Editorial: Close call at the pool
Abby Thompson had a terrifyingly close call with drowning in a neighborhood swimming pool last week ó the kind of close call that should serve as a blaring summer reminder about the need for vigilance whenever you combine kids with pools, ponds or lakes and the importance of knowing basic CPR procedures.
As the incident involving the 4-year-old girl shows, it takes a few scant seconds for a splashing good time to turn into a nightmarish ordeal, and it happens all too often. Accidental drowning remains the second-leading cause of injury-related death for children ages 1 to 14 years, according to the Centers for Disease Control and Prevention. Only motor vehicles claim more young lives each year.
Of the 3,582 accidental drownings recorded in the United States in 2005, more than 25 percent involved children 14 or younger. What’s more, almost 20 percent of those drowning deaths involved children in public pools with a lifeguard present, according to the CDC. That should tell you how quickly a child can slip from view and slide under the water at a busy pool, even with watchful adults nearby and a trained lifeguard on duty. Having grownups in proximity is no guarantee an accident won’t occur.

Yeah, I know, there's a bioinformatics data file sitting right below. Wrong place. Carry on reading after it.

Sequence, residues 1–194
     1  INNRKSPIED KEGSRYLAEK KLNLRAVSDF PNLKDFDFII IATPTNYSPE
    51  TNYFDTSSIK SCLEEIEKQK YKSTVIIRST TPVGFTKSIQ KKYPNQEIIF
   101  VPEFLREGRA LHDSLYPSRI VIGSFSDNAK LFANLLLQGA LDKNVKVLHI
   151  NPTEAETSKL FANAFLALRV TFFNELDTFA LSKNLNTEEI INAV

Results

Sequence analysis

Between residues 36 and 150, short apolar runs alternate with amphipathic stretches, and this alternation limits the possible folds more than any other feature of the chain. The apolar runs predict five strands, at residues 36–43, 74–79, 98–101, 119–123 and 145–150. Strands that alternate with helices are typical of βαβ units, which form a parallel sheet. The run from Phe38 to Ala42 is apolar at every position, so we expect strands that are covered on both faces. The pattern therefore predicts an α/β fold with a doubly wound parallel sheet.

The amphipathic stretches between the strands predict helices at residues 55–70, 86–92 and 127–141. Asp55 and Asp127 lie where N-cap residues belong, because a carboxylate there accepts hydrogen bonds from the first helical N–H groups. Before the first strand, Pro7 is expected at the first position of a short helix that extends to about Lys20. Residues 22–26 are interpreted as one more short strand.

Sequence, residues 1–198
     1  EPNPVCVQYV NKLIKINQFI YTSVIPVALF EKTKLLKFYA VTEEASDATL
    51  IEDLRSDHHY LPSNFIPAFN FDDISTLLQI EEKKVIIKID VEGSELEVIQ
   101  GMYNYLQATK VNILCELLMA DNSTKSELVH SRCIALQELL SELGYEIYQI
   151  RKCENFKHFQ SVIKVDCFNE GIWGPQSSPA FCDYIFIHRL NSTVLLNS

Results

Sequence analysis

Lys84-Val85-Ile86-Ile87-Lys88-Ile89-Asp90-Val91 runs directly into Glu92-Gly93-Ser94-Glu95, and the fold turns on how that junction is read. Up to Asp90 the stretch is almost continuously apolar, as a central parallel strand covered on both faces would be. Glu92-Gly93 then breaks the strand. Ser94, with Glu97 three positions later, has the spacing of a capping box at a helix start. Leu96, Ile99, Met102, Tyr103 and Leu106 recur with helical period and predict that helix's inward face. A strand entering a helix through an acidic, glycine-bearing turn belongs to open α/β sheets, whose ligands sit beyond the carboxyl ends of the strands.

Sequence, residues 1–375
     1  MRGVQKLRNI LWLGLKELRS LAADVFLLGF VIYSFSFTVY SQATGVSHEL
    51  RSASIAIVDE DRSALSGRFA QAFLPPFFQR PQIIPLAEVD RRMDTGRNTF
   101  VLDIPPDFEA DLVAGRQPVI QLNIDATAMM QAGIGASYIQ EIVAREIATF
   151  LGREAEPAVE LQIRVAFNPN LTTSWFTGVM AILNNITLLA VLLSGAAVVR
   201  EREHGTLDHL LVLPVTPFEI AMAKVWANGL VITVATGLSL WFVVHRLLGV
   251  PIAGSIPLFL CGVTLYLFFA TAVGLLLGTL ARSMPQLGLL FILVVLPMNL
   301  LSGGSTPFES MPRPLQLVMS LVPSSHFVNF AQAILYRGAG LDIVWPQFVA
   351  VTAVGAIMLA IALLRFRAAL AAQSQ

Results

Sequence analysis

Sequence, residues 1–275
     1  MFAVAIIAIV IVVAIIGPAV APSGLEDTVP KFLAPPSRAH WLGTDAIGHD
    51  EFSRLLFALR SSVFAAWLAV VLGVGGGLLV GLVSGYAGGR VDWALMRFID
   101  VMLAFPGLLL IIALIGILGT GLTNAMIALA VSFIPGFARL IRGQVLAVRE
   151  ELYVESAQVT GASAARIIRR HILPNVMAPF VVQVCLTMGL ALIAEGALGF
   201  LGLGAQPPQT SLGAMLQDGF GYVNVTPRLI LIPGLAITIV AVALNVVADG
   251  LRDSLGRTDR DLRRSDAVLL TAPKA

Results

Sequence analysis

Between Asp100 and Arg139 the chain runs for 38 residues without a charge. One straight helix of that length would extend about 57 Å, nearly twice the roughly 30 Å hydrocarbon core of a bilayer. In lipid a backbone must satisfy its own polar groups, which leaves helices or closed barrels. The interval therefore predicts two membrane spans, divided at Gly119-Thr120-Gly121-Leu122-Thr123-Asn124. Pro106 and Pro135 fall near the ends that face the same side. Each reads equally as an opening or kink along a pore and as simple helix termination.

Thankfully, Abby’s father pulled her from the water and Trooper Jack Dixon was able to administer life-saving CPR (cardio-pulmonary resuscitation) quickly enough to revive the girl and avoid serious, longterm injury. Without that quick action, this story might well have had a heartbreaking conclusion. In fact, this is the second recent local incident where knowledge of emergency procedures apparently saved a life. In the previous case, workers at the Hurley Y intervened to resuscitate a teenager who collapsed during a basketball game.
As we wade into the busiest weeks of the summer vacation and swim season, we can’t overstate the importance of vigilant pool-side supervision and the immediate availability of CPR. In the time it might take for paramedics to arrive at the scene, CPR skills could provide the margin of survival. Basic CPR routines are easy to learn and administer. The E.H. Dole Chapter of the American Red Cross regularly offers classes in CPR certification or re-certification. (For information about the classes, call 704-633-3854).
It only takes a few hours of your time to learn CPR or take a refresher course. As Abby Thompson can tell you, that small investment of time could make a life-saving difference.